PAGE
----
Veterinarians use spinal x-rays to diagnose IVDD. However, this does not always provide the needed detail. Sometimes a CT or MRI may be recommended. Depending on the severity, treatment will vary. Strict rest and confinement of 4-8 weeks or more may be needed. Steroids and muscle relaxants may be prescribed. Supportive nursing care is the most important if your pet is unable to walk. Many pets can recover with medicine or surgery and tincture of time.
New Pet Food Choice: Science Diet Healthy Advantage
Now available at Capitol Illini is a new non-prescription pet food. Science Diet has launched Healthy Advantage. This is available in Kitten, Adult Cat, Puppy, and Adult Dog formulas and is exclusively at veterinary clinics.
There are several benefits of Healthy Advantage:
- Oral Health: Helps to keep teeth & gums healthy with the clinically proven kibble technology which naturally scrubs teeth clean.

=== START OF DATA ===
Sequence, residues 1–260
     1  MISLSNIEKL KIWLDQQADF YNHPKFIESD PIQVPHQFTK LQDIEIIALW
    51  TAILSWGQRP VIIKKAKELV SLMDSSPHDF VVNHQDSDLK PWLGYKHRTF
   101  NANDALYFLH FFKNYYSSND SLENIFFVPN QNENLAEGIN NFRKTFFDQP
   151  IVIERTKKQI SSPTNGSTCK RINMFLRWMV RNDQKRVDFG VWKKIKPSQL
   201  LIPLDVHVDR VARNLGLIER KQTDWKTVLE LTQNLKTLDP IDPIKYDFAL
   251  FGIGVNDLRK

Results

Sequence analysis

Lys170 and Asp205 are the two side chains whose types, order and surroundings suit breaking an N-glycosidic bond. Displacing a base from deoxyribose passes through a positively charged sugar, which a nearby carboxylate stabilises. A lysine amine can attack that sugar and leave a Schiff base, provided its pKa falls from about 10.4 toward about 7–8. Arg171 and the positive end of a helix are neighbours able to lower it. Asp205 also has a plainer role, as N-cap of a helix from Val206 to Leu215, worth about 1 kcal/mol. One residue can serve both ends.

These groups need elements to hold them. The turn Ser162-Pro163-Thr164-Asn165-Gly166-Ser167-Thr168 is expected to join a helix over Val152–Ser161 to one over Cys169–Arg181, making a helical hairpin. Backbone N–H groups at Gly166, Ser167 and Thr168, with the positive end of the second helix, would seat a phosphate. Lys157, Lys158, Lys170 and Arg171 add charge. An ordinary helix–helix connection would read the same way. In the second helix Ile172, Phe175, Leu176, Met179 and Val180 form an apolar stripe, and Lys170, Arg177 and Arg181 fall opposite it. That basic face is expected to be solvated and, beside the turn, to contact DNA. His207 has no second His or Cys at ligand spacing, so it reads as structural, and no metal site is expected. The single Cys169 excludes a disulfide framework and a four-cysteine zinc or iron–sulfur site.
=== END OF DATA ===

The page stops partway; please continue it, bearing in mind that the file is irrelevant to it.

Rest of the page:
- Weight Management: The fiber enriched formula is enhanced with L-Carnitine that helps maintain optimal body weight, build lean muscle and turn fat into energy.
- Healthy Digestion: Contains high quality, digestible ingredients that helps maximize absorption of key nutrients.
- Healthy Skin & Coat: Omega fatty acids nourish skin cells and hair follicles to rejuvenate the skin promoting healthy skin and a luxurious coat.
- Bladder Health (Cats): Contains appropriate mineral balance to maintain a healthy bladder.
- Healthy Mobility (Dogs): Enhanced with glucosamine and chondroitin sulfate providing the building blocks for healthy joints and cartilage.
- Immunity (Puppy & Kitten): Supports the immune system between vaccinations and helps build a healthy
Science Diet Healthy Advantage is a new non-prescription food available for kittens, adult cats, puppies, and adult dogs.
Staff Corner: Molly
Molly joined the Capitol Illini team in August, 2011 after moving from Star Prairie, a small town in Wisconsin. She is a 2010 veterinary technology graduate from Globe University in Woodbury, Minnesota. Prior to Capitol Illini, Molly gained experience with both large and small animals, through a private veterinary practice and at the University of MN Veterinary Teaching Hospital. Outside of work Molly enjoys cooking, reading, and watching dirt track racing. She is also looking to adopt a dog in the future.